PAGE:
Secure Your Jewelry Website with SSL Encryption
Written by Bryan Cockerham
We have reached an age where information security is no longer an option–it is a must-have. Punchmark has always protected clients' most vulnerable pages by providing a shared SSL certificate, and forcing them to load via encryption. These pages include checkout and cart pages, registration and login pages, and other pages that transmit sensitive information over the internet.
To seriously combat the threat of stolen information, websites need to take a step further, and lock down every page with encryption. To make users aware of the severity of this threat, the Chrome web browser has started issuing warnings in the URL bar in the form of a red triangle. Many browsers have put warnings into form fields, alerting users that data submitted is insecure. Google has even started penalizing sites that don't use encryption, pushing their search engine rankings below those that do.
In response to these needs for technological change, Punchmark has come up with two easy solutions:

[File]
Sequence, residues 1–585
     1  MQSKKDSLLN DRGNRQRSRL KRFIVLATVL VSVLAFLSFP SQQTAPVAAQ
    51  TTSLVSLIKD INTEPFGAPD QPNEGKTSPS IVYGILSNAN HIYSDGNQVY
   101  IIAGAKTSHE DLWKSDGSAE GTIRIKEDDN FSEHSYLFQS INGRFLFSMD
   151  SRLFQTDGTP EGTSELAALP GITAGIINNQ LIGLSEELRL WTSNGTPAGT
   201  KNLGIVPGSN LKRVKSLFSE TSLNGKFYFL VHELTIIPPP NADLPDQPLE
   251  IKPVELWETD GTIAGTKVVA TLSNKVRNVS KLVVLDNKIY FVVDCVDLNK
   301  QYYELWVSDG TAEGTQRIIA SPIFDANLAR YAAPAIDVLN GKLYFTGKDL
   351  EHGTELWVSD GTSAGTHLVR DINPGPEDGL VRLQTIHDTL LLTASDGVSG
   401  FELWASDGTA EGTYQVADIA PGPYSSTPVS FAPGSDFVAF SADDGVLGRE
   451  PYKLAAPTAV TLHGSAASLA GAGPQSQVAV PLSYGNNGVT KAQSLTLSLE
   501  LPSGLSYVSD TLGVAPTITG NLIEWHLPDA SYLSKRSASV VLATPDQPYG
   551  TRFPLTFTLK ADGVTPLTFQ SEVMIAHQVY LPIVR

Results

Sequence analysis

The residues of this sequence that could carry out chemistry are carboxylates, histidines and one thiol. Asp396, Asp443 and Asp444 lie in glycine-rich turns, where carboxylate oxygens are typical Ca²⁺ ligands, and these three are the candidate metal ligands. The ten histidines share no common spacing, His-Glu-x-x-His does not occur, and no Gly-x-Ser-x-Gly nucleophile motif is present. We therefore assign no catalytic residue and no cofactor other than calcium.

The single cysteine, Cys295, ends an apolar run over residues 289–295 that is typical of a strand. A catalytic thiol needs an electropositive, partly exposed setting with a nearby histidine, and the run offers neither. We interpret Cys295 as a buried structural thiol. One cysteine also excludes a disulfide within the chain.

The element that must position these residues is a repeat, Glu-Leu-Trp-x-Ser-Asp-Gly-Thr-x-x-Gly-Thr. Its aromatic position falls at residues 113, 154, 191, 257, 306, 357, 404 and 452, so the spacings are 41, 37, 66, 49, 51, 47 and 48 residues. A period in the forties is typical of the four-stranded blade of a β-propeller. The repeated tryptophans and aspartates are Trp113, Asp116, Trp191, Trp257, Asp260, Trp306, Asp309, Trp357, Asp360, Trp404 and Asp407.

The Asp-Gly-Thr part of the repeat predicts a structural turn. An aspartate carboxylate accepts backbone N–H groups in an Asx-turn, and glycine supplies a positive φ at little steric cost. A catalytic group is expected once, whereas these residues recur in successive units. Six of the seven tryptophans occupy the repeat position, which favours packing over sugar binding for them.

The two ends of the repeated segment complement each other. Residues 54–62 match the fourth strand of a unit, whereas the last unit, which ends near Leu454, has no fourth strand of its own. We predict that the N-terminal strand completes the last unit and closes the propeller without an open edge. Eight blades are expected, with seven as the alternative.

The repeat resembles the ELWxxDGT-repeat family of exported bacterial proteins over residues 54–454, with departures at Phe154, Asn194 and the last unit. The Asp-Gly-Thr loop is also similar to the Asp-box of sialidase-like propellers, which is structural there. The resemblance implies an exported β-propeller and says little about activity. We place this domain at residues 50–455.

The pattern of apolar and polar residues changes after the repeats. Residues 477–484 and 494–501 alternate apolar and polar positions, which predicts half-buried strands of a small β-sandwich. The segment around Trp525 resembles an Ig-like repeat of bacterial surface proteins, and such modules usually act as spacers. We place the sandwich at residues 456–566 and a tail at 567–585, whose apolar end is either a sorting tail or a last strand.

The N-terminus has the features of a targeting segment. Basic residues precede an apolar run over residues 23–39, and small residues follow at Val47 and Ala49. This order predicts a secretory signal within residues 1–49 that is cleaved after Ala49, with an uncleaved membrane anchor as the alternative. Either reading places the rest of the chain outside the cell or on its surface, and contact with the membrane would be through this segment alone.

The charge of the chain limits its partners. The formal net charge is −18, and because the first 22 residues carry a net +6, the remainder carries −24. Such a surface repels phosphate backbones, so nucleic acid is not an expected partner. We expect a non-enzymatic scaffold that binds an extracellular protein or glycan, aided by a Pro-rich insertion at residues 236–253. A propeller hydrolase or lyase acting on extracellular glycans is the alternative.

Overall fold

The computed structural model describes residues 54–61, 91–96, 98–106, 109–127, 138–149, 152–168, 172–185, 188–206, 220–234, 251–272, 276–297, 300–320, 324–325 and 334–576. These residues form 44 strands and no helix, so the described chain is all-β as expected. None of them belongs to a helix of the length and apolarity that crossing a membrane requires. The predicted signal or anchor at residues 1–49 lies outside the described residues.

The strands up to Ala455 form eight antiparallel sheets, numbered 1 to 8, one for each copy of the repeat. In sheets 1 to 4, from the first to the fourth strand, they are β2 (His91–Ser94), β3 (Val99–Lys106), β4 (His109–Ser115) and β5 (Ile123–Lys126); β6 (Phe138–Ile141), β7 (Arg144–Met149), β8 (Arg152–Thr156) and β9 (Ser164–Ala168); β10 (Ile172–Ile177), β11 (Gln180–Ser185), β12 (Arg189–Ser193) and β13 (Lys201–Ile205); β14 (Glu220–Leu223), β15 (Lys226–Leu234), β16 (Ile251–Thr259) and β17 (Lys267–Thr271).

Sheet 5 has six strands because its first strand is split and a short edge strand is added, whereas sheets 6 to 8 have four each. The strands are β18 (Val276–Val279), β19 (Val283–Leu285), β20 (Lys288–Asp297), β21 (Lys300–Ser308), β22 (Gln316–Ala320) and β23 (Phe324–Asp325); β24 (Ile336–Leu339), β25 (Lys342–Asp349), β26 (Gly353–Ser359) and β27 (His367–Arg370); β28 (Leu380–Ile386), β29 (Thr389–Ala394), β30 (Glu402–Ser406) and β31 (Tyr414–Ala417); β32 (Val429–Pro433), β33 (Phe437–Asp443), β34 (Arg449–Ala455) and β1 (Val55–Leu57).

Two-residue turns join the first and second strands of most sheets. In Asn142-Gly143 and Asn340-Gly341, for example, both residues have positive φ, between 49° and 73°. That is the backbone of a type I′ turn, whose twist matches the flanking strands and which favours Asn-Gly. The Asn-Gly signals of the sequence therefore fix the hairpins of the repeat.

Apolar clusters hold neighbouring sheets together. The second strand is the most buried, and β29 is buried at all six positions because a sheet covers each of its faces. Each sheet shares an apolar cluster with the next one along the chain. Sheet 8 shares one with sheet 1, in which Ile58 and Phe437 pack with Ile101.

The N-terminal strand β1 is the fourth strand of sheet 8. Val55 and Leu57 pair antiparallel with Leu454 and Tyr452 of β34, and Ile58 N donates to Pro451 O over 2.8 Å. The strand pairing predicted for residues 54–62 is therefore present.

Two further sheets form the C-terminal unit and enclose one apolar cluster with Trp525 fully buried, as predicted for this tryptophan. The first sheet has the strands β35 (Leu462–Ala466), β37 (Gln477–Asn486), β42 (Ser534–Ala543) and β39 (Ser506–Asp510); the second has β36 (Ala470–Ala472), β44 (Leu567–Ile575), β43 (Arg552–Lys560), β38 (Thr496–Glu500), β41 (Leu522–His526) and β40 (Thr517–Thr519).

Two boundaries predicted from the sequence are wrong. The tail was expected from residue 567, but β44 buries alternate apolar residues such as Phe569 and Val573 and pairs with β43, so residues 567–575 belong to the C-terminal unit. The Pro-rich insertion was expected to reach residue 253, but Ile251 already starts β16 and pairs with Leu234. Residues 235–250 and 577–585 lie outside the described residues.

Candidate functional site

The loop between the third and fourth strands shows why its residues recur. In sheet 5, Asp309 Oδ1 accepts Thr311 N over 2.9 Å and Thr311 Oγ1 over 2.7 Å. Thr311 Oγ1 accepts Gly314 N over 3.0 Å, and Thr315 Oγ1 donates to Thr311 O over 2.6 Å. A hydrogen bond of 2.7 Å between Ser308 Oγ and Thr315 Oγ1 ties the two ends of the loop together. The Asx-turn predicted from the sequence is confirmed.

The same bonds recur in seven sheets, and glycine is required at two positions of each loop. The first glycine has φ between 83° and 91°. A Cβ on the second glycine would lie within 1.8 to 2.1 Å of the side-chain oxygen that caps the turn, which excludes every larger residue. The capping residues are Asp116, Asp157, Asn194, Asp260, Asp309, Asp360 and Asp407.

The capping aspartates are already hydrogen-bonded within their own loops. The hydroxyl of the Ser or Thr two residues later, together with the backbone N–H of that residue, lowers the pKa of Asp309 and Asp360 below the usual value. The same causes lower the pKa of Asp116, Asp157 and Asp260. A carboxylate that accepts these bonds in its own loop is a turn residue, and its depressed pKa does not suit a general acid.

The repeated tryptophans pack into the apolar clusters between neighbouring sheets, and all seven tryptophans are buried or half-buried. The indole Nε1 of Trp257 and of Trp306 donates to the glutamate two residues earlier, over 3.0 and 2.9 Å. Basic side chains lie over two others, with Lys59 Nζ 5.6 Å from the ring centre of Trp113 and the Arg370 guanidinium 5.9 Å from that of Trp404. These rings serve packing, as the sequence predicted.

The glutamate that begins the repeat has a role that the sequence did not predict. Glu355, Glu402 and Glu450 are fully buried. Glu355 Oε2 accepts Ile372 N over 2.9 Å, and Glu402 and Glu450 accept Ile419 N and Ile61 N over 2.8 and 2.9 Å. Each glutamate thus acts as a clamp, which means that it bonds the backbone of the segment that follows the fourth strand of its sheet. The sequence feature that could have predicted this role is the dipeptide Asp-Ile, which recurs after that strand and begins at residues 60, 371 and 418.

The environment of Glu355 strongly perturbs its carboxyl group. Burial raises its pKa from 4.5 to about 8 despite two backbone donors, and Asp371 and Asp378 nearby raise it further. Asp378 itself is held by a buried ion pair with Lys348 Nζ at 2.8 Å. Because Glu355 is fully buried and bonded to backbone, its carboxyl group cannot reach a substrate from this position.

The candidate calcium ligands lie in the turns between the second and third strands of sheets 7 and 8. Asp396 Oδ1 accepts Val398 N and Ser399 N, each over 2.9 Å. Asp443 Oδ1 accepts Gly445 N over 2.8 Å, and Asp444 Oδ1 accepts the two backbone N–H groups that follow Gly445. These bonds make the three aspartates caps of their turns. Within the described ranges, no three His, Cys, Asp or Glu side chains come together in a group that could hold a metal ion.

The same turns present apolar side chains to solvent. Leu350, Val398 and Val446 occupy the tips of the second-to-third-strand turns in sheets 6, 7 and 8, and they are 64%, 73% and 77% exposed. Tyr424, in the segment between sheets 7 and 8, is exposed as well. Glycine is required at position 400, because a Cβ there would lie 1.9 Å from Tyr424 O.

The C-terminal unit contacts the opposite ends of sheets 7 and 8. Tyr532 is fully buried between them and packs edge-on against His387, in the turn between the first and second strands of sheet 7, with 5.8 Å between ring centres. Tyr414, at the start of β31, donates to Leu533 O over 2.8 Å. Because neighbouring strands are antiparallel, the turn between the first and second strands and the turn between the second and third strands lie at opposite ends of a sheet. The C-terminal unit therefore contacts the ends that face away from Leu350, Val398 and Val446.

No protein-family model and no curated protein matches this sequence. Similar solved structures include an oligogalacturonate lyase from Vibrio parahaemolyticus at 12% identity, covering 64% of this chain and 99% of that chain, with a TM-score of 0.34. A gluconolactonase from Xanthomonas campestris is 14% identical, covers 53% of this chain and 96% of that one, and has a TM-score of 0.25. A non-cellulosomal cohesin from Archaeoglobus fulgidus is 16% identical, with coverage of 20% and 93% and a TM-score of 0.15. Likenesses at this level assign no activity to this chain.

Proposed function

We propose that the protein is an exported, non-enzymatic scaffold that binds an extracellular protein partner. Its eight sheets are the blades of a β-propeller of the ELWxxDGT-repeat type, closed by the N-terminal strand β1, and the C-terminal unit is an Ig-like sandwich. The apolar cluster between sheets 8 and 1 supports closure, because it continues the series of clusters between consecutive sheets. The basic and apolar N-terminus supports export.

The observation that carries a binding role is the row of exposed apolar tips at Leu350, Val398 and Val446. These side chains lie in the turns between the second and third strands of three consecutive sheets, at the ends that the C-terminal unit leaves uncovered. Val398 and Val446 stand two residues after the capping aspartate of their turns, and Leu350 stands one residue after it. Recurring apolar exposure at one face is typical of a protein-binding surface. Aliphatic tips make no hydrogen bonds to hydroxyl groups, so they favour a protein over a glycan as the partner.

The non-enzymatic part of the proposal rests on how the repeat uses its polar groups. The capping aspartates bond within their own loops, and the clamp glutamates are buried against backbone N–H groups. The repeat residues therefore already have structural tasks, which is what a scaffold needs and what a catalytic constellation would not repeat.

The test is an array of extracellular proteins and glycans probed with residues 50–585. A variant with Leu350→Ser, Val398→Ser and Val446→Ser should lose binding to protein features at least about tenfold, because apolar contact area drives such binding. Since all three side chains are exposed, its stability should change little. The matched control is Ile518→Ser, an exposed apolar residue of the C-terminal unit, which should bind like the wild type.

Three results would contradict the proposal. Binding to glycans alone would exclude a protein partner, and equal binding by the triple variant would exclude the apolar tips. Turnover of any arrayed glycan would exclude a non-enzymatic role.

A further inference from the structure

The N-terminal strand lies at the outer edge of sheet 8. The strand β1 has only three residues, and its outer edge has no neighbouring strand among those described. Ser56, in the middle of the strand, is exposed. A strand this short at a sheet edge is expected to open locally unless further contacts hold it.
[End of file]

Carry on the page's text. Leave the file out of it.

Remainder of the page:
1. Bring your own SSL Certificate: Clients that have a current SSL provider can simply send Punchmark their SSL certificate information, and Punchmark will install and maintain those certificates on the clients' web servers. This allows for the flexibility of wildcard certificates and advanced certificates such as those that turn the whole URL bar green when a user visits the site.
2. Punchmark Provided SSL Certificate: By far the cheaper and easier solution, Punchmark has embraced a new technology that will represent the future of website encryption. Website clients that use this certificate type will benefit from the same level of security, but new technology makes the process easier to install and maintain.
Both measures require an install fee of $150 for the setup, configuration, and testing of the new certificate. The option of "Bring your own Certificate" includes a maintenance fee of $15 per month, where the "Punchmark Provided" option is $10 per month because of its lower overall maintenance requirements.
It is strongly urged that websites move to one of these two encryption options. As web browsers, search engines, and others increasingly warn users about the threats of security, trust issues and fear will start to arise, having a detrimental effect on user experience.
To take the next step, please contact the Director of Technology, Bryan Cockerham.